Attorney General Bonta Urges National Labor Relations Board to Strengthen Protections for Workers Seeking to Organize

Thursday, February 10, 2022
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Joins coalition opposing Trump-era standard that erroneously labeled workers as independent contractors in order to prevent them from unionizing

OAKLAND – California Attorney General Rob Bonta today joined a coalition of 16 attorneys general in an amicus brief urging the National Labor Relations Board (NLRB) to strengthen protections for workers seeking to organize in a case currently before the board. Under the National Labor Relations Act, the NLRB determines which workers are considered employees and therefore entitled to form or join a union. In the amicus brief, the coalition urges the NLRB to reject the Trump-era standard that erroneously labeled workers as independent contractors in order to prevent them from unionizing.

“The right to organize is critical,” said Attorney General Bonta. “It’s because of unions that Americans today can enjoy eight-hour workdays, overtime, paid sick leave, workers’ compensation, and more. During this ongoing pandemic, workers are more vulnerable than ever and unions are a part of the solution. Workers deserve a national standard that doesn’t prevent them from having a chance to organize before they can even get started. It’s time for the National Labor Relations Board to reject the Trump-era employee classification standard.”

Prior to 2019, the NLRB relied on a range of factors to determine whether a group of workers seeking to organize were employees or independent contractors under the National Labor Relations Act. However, in 2019, the NLRB in SuperShuttle DFW, Inc. explicitly overruled the previous standard to instead center its determinations regarding employment classification on whether an individual has “significant entrepreneurial opportunity for gain or loss.” In doing so, the NLRB deemed more workers to be contractors and thus stripped them of the opportunity to organize, bargain collectively, and engage in other protected activities under the nation's labor laws. At a time when workers are increasingly vulnerable as a result of the ongoing COVID-19 pandemic, the right to organize is as important as ever and appreciation for that right — the work of labor unions — has reached its highest point since 1965. This is a recognition of the power of unions to increase wages, and provide a wide range of benefits and protections. For workers across the country, the right to organize is contingent on the standards established by NLRB.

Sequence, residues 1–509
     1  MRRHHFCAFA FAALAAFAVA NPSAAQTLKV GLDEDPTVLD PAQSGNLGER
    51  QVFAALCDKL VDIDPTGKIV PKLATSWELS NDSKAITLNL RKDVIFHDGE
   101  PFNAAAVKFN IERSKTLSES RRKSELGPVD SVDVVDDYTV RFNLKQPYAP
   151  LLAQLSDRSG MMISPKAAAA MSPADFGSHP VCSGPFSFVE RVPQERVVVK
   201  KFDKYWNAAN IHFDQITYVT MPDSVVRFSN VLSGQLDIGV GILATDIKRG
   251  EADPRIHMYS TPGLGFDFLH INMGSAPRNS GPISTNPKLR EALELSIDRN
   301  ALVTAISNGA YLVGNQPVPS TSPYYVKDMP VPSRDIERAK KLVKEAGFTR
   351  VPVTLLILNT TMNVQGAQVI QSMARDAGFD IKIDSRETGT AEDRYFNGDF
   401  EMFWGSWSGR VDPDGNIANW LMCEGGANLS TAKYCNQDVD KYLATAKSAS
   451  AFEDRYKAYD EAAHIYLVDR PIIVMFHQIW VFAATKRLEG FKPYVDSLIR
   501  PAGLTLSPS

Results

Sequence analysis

In the amicus brief, the coalition asserts:

  • The NLRB should adopt a strong and clear standard that protects employees from misclassification consistent with the National Labor Relations Act’s purpose and precedent;
  • The SuperShuttle standard is too narrow to protect workers from misclassification and too amorphous to provide clarity to employers; and
  • The NLRB should look to the experiences of state enforcers for guidance in adopting a standard at least as protective as the previous standard.

In filing the amicus brief, Attorney General Bonta joins the attorneys general of New Jersey, Pennsylvania, Colorado, Connecticut, Delaware, the District of Columbia, Illinois, Maryland, Massachusetts, Michigan, Minnesota, New York, Oregon, Rhode Island, and Vermont.

A copy of the amicus brief is available here.

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